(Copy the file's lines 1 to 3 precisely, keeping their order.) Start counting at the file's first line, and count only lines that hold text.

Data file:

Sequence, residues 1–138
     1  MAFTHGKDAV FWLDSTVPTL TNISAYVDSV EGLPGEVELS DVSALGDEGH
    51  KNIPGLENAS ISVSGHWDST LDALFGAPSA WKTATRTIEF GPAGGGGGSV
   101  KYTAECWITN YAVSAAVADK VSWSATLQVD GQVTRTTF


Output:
Sequence, residues 1–138
     1  MAFTHGKDAV FWLDSTVPTL TNISAYVDSV EGLPGEVELS DVSALGDEGH
    51  KNIPGLENAS ISVSGHWDST LDALFGAPSA WKTATRTIEF GPAGGGGGSV